A couple of days ago, a friend sent me a chapter from a book that he knew would greatly interest me. The chapter is entitled, “Chronic Disease, New Thinking, and Outlaw Innovation: Patients on the Edge in the Knowledge Commons.”[i] Well, in fact, I was even more interested than he knew: the author, Dr. Stephen Flowers, and I had corresponded about 18 months ago in regards to a letter he’d written to the editor of the journal, Nature, several years back. More on that later.
First, a summary of the chapter: Dr. Flowers, who is at Kent University in the UK, describes a fundamental problem in medicine: the disconnect between the lofty and hallowed halls of research science and the people actually suffering from debilitating and life threatening illnesses. Medical innovation takes decades. When faced with an incurable, often untreatable, illness in one’s self or a loved one, we the people are faced with a choice: do nothing (i.e. which all too often means listening to what our doctors’ currently offer that is “approved”) or do something (i.e. educating ourselves via the “knowledge commons” (the public knowledge bank), and often turning to unapproved therapies that are known to work but that are outside the mainstream medical community.)
As Dr. Flowers says:
“This regulatory environment, though intended for consumer protection, often creates tensions between the patient – the user of the treatment – and the medical professional, who may be discouraged or forbidden from offering promising experimental therapies that have not gone through the full regulatory process. This tension may be particularly serious in the context of chronic diseases, in which therapies may require a decade or more of research before they can begin the process of regulatory approval, which may itself take many more years.
Confronted with this situation, some patients decide that they simply cannot afford to wait. They determine to sidestep regulated processes, draw on published scientific research, and attempt to create their own therapies. These activist patients engage in what we term “outlaw innovation,” which differs from much of the user innovation studied in prior research in its relationship to mainstream innovation. Newly created knowledge obtained by outlaw innovation is widely shared with other patients, but mainstream medical research is unable to draw upon it. The picture that emerges from our analysis is of a medical research system whose inflexibility means that it is unable to draw on vibrant sources of new knowledge that are being created by activist patients – the users of medical therapies – who have taken their treatment into their own hands.”
To provide an example, Dr. Flowers uses those many individuals in the Crohn’s Disease community who have turned to using helminthic therapy to treat themselves. I have written before about the horror of the medications available to those with IBD. And thus, faced with a choice of using these, faced too, as Dr. Flowers points out, with an 80% likelihood of needing surgery tor resection the intestines (to eliminate blockages from internal scarring), many people look for better options. These “outlaws,” recognizing that, “…a significant body of mainstream scientific research now points to the presence of a possible therapeutic link between helminths and Crohn’s disease,” take matters into their own hands.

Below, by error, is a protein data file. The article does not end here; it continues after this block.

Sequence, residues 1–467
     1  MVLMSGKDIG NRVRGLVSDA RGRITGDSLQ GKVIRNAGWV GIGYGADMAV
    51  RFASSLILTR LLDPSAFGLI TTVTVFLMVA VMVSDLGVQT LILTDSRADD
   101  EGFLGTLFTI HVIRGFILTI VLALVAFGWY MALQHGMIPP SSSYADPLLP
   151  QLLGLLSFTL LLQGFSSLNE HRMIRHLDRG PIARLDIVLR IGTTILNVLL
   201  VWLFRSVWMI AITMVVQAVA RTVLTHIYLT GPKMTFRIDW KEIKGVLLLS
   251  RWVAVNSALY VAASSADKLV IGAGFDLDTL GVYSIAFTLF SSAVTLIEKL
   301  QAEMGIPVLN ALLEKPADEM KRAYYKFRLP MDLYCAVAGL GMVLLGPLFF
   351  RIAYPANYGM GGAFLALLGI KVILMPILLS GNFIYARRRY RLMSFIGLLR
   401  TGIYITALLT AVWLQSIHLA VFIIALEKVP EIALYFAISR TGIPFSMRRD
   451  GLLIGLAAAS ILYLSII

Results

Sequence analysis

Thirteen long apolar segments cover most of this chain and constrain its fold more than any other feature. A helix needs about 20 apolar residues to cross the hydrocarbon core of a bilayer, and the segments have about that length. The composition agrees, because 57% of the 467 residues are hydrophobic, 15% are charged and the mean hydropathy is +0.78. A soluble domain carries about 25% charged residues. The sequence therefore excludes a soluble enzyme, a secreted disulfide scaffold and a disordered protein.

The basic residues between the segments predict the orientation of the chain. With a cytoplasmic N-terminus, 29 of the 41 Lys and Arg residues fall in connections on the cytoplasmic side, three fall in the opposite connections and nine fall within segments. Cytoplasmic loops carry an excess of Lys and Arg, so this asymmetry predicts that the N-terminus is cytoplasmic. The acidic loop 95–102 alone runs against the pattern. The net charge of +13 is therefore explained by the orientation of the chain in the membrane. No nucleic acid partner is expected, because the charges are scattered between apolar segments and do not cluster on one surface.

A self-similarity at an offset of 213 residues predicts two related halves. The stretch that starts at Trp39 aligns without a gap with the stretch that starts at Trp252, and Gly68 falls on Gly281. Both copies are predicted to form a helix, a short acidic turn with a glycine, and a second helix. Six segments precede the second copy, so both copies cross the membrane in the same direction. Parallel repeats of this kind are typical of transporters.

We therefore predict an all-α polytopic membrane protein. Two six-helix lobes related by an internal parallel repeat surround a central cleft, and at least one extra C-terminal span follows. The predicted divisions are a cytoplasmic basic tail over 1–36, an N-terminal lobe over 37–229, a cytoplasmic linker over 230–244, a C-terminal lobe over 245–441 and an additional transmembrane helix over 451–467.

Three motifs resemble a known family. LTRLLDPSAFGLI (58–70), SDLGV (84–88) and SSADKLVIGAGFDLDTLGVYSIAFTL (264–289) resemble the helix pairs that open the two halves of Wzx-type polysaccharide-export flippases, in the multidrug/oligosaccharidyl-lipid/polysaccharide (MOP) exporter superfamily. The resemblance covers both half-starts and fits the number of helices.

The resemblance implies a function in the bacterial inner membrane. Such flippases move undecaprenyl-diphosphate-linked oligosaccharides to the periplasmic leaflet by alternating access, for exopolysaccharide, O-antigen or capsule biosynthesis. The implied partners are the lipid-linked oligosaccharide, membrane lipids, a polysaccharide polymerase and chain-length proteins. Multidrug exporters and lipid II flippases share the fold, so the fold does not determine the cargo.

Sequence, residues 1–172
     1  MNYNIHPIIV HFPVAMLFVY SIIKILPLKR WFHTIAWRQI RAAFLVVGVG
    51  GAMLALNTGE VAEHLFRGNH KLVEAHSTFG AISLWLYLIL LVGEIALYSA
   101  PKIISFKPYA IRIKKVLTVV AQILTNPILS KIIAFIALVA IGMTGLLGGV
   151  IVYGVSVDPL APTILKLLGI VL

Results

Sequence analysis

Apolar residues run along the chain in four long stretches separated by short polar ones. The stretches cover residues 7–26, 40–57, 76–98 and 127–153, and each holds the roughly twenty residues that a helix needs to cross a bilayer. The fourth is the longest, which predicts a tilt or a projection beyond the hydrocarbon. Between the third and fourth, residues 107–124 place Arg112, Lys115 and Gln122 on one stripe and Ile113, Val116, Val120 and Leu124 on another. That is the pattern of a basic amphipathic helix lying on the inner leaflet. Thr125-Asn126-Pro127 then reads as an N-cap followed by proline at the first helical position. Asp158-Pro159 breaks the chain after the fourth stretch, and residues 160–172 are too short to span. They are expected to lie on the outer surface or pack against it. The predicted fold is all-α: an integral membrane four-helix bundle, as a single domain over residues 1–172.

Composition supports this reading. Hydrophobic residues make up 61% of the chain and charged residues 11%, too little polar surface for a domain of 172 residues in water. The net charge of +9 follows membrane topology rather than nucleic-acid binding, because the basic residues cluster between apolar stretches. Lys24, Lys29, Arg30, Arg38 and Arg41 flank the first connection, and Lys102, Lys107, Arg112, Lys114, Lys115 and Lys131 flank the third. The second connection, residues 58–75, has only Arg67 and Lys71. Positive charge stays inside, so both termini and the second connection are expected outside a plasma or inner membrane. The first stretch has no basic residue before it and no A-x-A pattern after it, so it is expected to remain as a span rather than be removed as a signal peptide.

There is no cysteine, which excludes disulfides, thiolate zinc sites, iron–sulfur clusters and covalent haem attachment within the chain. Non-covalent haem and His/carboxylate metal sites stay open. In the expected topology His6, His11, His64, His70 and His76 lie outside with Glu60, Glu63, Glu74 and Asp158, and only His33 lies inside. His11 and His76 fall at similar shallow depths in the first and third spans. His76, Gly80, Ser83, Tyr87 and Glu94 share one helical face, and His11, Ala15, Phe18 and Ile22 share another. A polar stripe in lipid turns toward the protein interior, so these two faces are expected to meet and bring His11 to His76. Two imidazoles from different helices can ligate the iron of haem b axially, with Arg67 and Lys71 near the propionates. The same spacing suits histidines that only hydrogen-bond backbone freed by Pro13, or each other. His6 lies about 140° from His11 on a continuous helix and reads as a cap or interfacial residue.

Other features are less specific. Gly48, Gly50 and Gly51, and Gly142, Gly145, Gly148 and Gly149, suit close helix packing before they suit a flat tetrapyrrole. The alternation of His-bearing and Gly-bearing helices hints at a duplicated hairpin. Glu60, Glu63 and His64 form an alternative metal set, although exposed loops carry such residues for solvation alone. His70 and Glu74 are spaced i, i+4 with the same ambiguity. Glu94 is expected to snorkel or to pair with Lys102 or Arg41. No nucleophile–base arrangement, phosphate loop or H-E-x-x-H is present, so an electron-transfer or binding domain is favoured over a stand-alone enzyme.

Let me point out that IBD is just one case of a community going renegade. I have met devoted helminth users from “disease” groups ranging from autism to alopecia, from Parkinson’s to Lyme, and many, many more. They all have one thing in common: a disease for which medicine currently offers no known treatment.
Dr. Flowers goes on to say that this vast body of information, freely shared by these well-educated outlaws, is currently unusable by a medical system that has, “…no mechanism for learning from this outlaw knowledge or incorporating it into the ongoing stream of research,” and, thus, this detailed and informative clinical data – this “outlaw knowledge” – is lost to science.
As I mentioned earlier, I first came across Dr. Flowers’ name in a letter to the editor he’d written back in 2013.[ii] He was responding to an article written by Dr. Joel Weinstock, an American gastroenterologist who was one of the first to use helminths to treat disease. I was very excited to read Dr. F’s response because, in fact, he proposes a solution to this very problem: the inability of the medical establishment to make use of bottom up (patient derived) data. He, and fellow author, Dr. Hopkins, state, “ We contend that using a pseudo-pharmaceutical process to evaluate helminth therapeutics — which typically costs millions of dollars and takes more than a decade to pass through clinical trials — is not the only way…A different approach to helminth therapeutics might be to allow patients to help with development, using their insight and evidence in a revised model that better reflects patient behaviour and capabilities.”
Call me crazy but, is it not criminal (if you’ll forgive the expression) that this vast body of legitimate medical data goes to waste, while people suffer, simply because we persist in doing things the way they’ve always been done?
[i] Flowers, S. (2017). Chronic Disease, New Thinking, and Outlaw Innovation: Patients on the Edge in the Knowledge Commons. In K. Strandburg, B. Frischmann, & M. Madison (Eds.), Governing Medical Knowledge Commons (Cambridge Studies on Governing Knowledge Commons, pp. 326-347). Cambridge: Cambridge University Press. doi:10.1017/9781316544587.015
[ii] Flowers, S, Hopkins, M. Patients self-treat with parasitic worms. [Letter to the Editor]. Nature. 2013. 493: 163.